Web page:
Using the structure of a pyramid is an excellent way to explain the ideas behind the UTM tagging of a campaign, as I did in my article on choosing the best structure for your UTM campaign hierarchies. Except there is ONE thing that problematizes this hierarchy: sampling, which sometimes becomes a problem when you use too many parameters, or use them badly.
Therefore, if you intend to completely respect the processing flow chart (the process that attributes a source to a session), rather than representing the structure like this:
It would be better to represent it like this:
The intuitive architecture of Google Analytics campaigns works by grouping together results in an aesthetic way, where each campaign is associated with a line of the report. Unfortunately, this tagging strategy does not completely avoid sampling. This approach is suitable for the first phase of a small campaign, but will become a problem when the time comes to analyze a lot of data, such as yearly analyses. And let’s not even talk about big campaigns! The solution to this problem is to adopt a tagging strategy based on the use of the UTM parameter Campaign. This will allow you to avoid sampling, which would ruin your analysis.
During the last step of processing your data, Google Analytics creates a default report, also known as a standard report. These reports have one huge advantage, namely that they are never subject to sampling. Like most of the reports produced by Google Analytics, campaign reports are standard reports, even if a secondary dimension is added. Another interesting point you should know is that you can filter the data as much as you like in the fields Campaign and Source/Medium and no sampling will be applied to the report. Very practical for analysis!
On the other hand, if you pivot the reports by adding a secondary dimension that is not part of the default dimensions, these reports will no longer be considered standard. For instance, if you take the same campaign report but add the secondary dimension Ad Content from the parameter utm_content… Wham! You end up with mega-sampling and a potentially unusable report.
As an illustration, here is the same campaign report combining two different secondary dimensions: on the right Source/Medium and on the left Ad Content.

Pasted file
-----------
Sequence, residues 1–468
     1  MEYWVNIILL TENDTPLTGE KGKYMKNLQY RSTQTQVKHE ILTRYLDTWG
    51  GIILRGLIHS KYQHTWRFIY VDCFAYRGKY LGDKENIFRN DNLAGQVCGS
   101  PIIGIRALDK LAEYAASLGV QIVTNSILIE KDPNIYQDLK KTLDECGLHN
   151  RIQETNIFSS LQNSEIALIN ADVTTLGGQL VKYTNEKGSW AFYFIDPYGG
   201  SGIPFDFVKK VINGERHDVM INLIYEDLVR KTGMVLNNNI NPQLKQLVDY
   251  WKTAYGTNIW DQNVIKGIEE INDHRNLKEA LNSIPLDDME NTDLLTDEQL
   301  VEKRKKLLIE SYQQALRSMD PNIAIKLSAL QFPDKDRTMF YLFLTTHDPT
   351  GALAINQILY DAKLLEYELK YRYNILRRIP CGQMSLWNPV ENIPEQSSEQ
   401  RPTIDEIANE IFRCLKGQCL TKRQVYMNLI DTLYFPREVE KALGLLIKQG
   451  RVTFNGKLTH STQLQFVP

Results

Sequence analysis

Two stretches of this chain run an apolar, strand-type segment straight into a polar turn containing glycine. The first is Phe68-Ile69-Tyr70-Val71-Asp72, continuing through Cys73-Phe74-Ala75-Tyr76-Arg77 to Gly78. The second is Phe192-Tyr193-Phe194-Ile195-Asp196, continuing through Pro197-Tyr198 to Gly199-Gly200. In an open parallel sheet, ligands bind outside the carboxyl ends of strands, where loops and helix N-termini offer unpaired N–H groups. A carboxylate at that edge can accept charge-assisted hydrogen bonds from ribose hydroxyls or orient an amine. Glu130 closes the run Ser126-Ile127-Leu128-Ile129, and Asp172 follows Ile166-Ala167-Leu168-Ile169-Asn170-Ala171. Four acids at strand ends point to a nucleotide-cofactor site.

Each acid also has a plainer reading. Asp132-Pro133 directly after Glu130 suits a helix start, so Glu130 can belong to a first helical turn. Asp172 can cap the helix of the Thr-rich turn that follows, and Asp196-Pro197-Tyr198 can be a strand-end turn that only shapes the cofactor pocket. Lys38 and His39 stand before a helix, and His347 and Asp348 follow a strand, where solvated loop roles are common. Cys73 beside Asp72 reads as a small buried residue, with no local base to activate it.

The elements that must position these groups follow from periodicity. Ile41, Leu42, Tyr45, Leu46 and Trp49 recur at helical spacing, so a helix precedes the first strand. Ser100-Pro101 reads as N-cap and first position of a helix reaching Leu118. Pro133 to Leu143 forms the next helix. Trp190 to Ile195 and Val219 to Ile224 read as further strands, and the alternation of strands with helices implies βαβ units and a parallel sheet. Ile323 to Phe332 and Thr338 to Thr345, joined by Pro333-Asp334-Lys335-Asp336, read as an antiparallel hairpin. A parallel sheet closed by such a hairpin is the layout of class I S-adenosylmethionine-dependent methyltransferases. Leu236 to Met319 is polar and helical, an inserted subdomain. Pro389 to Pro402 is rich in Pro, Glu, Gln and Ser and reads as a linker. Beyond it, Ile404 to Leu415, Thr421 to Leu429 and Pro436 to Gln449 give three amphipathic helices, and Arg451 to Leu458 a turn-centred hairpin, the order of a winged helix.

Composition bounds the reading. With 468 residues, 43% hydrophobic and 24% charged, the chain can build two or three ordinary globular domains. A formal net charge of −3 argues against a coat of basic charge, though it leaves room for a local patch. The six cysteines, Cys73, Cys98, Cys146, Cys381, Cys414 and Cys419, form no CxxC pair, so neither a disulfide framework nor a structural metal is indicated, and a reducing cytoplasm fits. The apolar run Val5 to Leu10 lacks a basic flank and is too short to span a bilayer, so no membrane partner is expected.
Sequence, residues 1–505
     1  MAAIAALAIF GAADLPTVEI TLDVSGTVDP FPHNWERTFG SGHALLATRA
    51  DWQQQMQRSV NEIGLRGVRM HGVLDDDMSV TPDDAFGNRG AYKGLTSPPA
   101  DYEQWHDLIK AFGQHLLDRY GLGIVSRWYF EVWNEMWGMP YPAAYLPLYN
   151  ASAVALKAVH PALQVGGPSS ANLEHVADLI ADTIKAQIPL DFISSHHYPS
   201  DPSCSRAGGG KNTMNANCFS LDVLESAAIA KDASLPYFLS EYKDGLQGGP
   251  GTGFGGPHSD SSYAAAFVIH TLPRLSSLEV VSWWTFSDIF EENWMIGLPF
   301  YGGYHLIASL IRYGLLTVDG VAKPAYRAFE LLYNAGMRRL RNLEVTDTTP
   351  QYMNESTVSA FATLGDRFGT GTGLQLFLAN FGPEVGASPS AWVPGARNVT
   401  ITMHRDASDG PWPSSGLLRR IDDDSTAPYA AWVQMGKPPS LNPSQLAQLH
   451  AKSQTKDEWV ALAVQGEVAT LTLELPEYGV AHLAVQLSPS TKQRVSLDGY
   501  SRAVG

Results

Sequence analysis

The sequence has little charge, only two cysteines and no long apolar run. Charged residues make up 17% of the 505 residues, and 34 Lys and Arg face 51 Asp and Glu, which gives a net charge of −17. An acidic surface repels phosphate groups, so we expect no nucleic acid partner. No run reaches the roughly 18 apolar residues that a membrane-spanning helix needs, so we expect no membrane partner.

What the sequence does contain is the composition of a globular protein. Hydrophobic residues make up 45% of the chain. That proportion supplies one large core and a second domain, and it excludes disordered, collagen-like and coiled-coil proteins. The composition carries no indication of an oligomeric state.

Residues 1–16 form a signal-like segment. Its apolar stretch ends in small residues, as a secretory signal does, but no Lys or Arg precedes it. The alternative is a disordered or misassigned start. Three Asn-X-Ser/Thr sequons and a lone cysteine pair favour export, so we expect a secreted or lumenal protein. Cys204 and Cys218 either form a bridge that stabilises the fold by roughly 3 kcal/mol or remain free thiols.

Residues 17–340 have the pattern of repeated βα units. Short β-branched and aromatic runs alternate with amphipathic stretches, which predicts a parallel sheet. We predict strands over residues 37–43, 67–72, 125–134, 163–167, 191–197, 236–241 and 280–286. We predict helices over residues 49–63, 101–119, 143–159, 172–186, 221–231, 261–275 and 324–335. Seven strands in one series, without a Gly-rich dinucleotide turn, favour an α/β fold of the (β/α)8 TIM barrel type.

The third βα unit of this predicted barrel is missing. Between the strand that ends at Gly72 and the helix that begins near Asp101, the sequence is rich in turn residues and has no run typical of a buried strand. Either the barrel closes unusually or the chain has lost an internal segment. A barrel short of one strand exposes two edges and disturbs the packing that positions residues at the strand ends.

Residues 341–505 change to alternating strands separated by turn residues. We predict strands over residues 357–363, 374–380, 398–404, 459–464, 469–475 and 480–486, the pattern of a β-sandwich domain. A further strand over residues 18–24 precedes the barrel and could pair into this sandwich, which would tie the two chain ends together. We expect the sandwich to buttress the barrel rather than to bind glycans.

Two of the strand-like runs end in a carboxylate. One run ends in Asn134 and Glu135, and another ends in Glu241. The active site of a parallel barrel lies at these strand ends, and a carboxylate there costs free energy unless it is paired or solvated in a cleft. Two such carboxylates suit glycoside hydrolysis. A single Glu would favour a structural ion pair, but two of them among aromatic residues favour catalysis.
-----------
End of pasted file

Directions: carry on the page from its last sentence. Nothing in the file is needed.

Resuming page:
Note that in the report with Ad Content, according to the message beside the orange badge the report has been sampled from 30.39% of the sessions. The report with Source/Medium has not been sampled, since the badge is still green.
So it seems that sampling results in a change in the number of users: The actual number is 288,531 in the report on the right, while this number has been overestimated, at 292,757, in the report on the left. Although this doesn’t seem like a big difference initially (a question of a difference of 4,226 users), sampling is damaging for many reasons:
If you have the opportunity to access a Google Analytics Premium account, you can download a non-sampled report. But if you’re part of the majority of Google Analytics users, your only option is to reduce or divide up your date ranges in order to lower the sampling rate to a more reasonable percentage. This results in wasted time and more manual interventions, not to mention the metrics you can’t add, like users, which will complicate the analysis.
The answer is to use the full potential of the three mandatory parameters included in every session logged by Google Analytics. And note that I did say all sessions, because even sessions that are not part of a campaign have the utm_campaign parameter, it’s just that the value attributed to it is (not set).
Here is an overview of the three parameters:
1 – utm_medium: Personalizing this parameter is not recommended given its major role in the definition of Channel Grouping (unless you intend to personalize Channel Grouping).
2 – utm_source: While personalizing this parameter is possible, it is not recommended given the importance of the name of the site/network (Facebook, Google, AdWords) in campaign analysis, not to mention that this parameter has already been formatted in a particular way given the other utm_source parameters in your Google Analytics system. Ideally, as with all other sources of your analytics, it is preferable to restrict your analysis to the site your user was on before navigating to your own site. For example: Say that you want to compare the performance of your sponsored ads on Facebook with organic ads. If you use a UTM like utm_source=facebook, utm_medium=cpc and utm_campaign=myamazingcampaign, you will easily be able to do the analysis by selecting Filter Source in your report. However, if you personalize the value of utm_source (facebook_campaignXcreativeY), your analysis will become more difficult because the number of variations of your source parameter for the traffic identified by a UTM might be quite large.
3 – utm_campaign: This is definitely a parameter that should be personalized— in fact, it was created for that purpose. While numerous data ranges for the same campaign might not look pretty in your campaign report because the results will be spread over many lines, using a rigorous naming protocol will let you easily filter the results in Google Analytics, or even in a visualization platform like Google Data Studio, Datorama or Microsoft Power BI. Plus, you get all this with no sampling!
To sum up, the following two points should be emphasized:
Happy data analysis!